4 Fig. 8 he gamma wave for the sample #1 in the time domain Fig. 9 he gamma wave for the sample # in the time domain Fig. 1 he alpha wave for the sample #1 in the time domain Fig. 11 he alpha wave for the sample # in the time domain. he strongest brain activity is the delta wave. It is characterized by very low frequency up to 4 Hz and the amplitude higher than 1 V. he delta waves are usually associated with the deepest stages of sleep and aid in characterizing the depth of sleep. he both samples are rather weak in a comparison to the typical values of the amplitude. he variation of the delta waves is presented in figure 1 and Fig. 1 he delta wave for the sample #1 in the time domain Fig. 13 he delta wave for the sample # in the time domain. he theta waves are activated during a meditation, trance, hypnosis, intense dreams and intense emotions. In figure 14 and 15 the theta waves for the both samples are presented. he theta state is closer to relaxation state from sample #. he difference is not large, but it is clear Fig. 14 he theta wave for the sample #1 in the time domain Fig. 15 he theta wave for the sample # in the time domain. he last band of frequency of the spectral analysis, which will be analyzed, is called the beta waves. It responds of a human brain on the excited state. his may be due for example by a solving puzzles and other excited states. In the following experiment, it is the most similar pattern for the both samples. As it is showed in figure 16 and 17 the difference are very small, but for sample #1 the total power is a little higher, than in sample # (here we have only three strong spakes) Fig. 16 he beta wave for the sample #1 in the time domain Fig. 17 he beta wave for the sample # in the time domain. he proposed approach was presented and was verified as the result of the comparison between the different brain waves in two different cases (different states of mental). he all observations are consistent with the EEG theory. Naturally, the MindWave has a measurement error greater than the clinical devices, but it allows to made a basic study of the brain activity. Conclusion his paper present how to record and process the raw EEG signal from the MindWave MW1 in the MALAB environment. For this purpose, the Fourier analysis has been used as an efficient way to make the spectral analysis. he first three section describe the theoretical assumptions. It is all used to perform the simple experiment. wo different mental state have been used to record and process the two samples of the raw EEG signal. On the basis of the spectral analysis the five kind of waves were identified. Afterwards, the samples were compared in respect of these waves. he observed differences are confirmed with theory knowledge. In the result, the paper is presented the approach to efficient record and process the EEG signal with low financial outlay. his approach can be used for the neurofeedback and the brain control interface (BCI). he error of the device is too high for clinical use. REFERENCES [1] Aydemir O., Pourzare S., Kayikcioglu., Classifying Various EMG and EOG Artifacts in EEG Signals, Przegląd Elektrotechniczny, 88(11a), pp. 18, 1. [] Cooley J. W., J. W. ukey, An Algorithm for the Machine Computation of the Complex Fourier Series, Mathematics of Computation, 19, pp , [3] Crowley K., Sliney A., Pitt I., Murphy D., Evaluating a Brain Computer Interface to Categorize Human Emotional Response, 17 PRZEGLĄD ELEKROECHNICZNY, ISSN 3397, R. 9 NR /14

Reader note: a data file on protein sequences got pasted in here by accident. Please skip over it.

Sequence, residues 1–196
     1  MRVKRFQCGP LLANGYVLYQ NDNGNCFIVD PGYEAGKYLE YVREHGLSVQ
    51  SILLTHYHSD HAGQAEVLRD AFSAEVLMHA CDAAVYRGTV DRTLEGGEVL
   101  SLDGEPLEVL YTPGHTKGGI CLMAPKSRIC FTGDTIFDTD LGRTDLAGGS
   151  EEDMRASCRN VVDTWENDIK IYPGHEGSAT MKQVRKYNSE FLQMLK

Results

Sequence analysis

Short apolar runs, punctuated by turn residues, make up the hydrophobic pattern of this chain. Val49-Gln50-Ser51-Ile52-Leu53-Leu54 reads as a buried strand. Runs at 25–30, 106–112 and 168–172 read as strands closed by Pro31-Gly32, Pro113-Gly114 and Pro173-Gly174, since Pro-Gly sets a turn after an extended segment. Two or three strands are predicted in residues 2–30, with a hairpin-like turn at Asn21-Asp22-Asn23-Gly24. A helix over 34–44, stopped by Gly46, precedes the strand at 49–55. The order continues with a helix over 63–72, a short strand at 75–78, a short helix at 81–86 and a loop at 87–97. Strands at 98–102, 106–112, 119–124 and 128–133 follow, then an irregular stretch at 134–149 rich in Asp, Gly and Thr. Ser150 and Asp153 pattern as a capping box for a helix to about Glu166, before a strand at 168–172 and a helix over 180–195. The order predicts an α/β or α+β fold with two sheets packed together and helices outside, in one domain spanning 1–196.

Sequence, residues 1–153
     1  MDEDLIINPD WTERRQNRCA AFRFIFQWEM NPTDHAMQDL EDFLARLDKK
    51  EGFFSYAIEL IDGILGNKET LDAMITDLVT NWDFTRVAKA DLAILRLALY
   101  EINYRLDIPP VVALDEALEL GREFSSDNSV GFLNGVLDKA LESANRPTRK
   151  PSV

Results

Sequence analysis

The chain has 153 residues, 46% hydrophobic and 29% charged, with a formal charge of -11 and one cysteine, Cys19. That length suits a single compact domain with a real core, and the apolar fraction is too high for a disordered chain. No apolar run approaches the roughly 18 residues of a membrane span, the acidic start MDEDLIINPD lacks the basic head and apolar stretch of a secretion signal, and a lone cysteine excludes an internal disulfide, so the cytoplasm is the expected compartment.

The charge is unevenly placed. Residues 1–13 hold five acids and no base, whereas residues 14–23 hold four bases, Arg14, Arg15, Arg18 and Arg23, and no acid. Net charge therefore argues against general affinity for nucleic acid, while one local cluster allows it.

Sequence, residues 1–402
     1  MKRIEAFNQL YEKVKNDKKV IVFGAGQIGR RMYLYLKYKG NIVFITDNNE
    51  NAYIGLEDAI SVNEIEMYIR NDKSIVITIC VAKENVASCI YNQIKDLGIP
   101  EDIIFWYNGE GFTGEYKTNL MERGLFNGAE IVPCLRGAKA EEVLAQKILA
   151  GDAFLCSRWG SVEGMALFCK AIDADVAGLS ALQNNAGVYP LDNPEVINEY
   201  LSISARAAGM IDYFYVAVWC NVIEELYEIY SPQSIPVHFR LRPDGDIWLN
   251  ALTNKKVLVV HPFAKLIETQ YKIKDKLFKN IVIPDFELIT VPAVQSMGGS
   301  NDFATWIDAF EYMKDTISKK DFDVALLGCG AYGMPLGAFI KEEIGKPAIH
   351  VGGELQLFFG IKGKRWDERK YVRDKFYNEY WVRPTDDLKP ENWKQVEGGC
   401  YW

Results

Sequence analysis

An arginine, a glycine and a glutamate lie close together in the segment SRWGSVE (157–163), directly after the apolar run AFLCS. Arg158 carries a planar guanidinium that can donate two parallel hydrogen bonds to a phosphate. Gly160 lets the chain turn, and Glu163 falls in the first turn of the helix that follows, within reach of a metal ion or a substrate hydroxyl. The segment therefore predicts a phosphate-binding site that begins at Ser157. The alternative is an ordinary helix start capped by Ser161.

5 1th IEEE International Conference on Advanced Learning echnologies, pp , 1. [4] Filipowicz S., Nita K., Układ elektroencefalografu przenośnego do lokalizacji aktywności elektrycznej, Przegląd Elektrotechniczny, 83(1), pp , 7 [5] Haas, L. F., Hans Berger ( ), Richard Caton ( ), and electroencephalography, Journal of Neurology, Neurosurgery & Psychiatry, 74(1), pp. 9, 3. [6] Hardy G. H., Rogosinski W. W., Fourier Series, Dover Books on Mathematics, Dover Publications, 13. [7] Hussin S. S., Sudirman R., Sensory Response through EEG Interpretation on Alpha Wave and Power Spectrum, Procedia Engineering 53, pp , 13. [8] Kołodziej M., Majkowski A., Rak R., Linear discriminant analysis as a feature reduction technique of EEG signal for braincomputer interfaces, Przegląd Elektrotechniczny, 88(3a), pp , 1. [9] Kranczioch C., Zich C., Schierholz I., Sterr A., Mobile EEG and its potential to promote the theory and application of imagerybased motor rehabilitation, International Journal of Psychophysiology, pp. 16, available online 18 Oct 13. [1] Oppenheim A. V., Schafer R. W., Discreteime Signal Processing, PrenticeHall, p , [11] Rak R., Kołodziej M., Zastosowanie analizy częstotliwościowej sygnału EEG w interfejsach mózgkomputer, 84(5), pp , 8. [1] Rejer I., Pelczar M., Analiza statystyczna zbioru sygnałów EEG na potrzeby budowy interfejsu mózgkomputer, Wybrane zagadnienia informatyki medycznej, Stowarzyszenie Przyjaciół Wydziału Informatyki w Szczecinie, pp , 1. [13] Rejer I., EEG feature selection for BCI based on motor imaginary task, Foundations of Computing and Decision Sciences, 37(4), pp , 1. [14] Sneddon I. N., Fourier ransform, Dover Books on Mathematics, Dover Publications, 1. [15] Valer J., Daisuke., Ippeita D., 1/, 1/1, and 1/5 systems revisited: heir validity as relative headsurfacebased positioning systems, NeuroImage, 34(4), pp , 7. [16] Vourvopoulos A., Liarokapis F, Evaluation of commercial brain computer interfaces in real and virtual world environment: A pilot study, Computers & Electrical Engineering, available online 1 November 13. [17] Wali M. K., Murugappan M., Badlishah Ahmad R., Classification of Driver Drowsiness Level using Wireless EEG, Przegląd Elektrotechniczny, 89(6), pp , 13. Author: Mgr inż. Wojciech Sałabun, Department of Artificial Intelligence Methods and Applied Mathematics, Faculty of Computer Science and Information echnology, West Pomeranian University of echnology, Szczecin, ul. Żołnierska 49, 711 Szczecin, Poland, PRZEGLĄD ELEKROECHNICZNY, ISSN 3397, R. 9 NR /14 173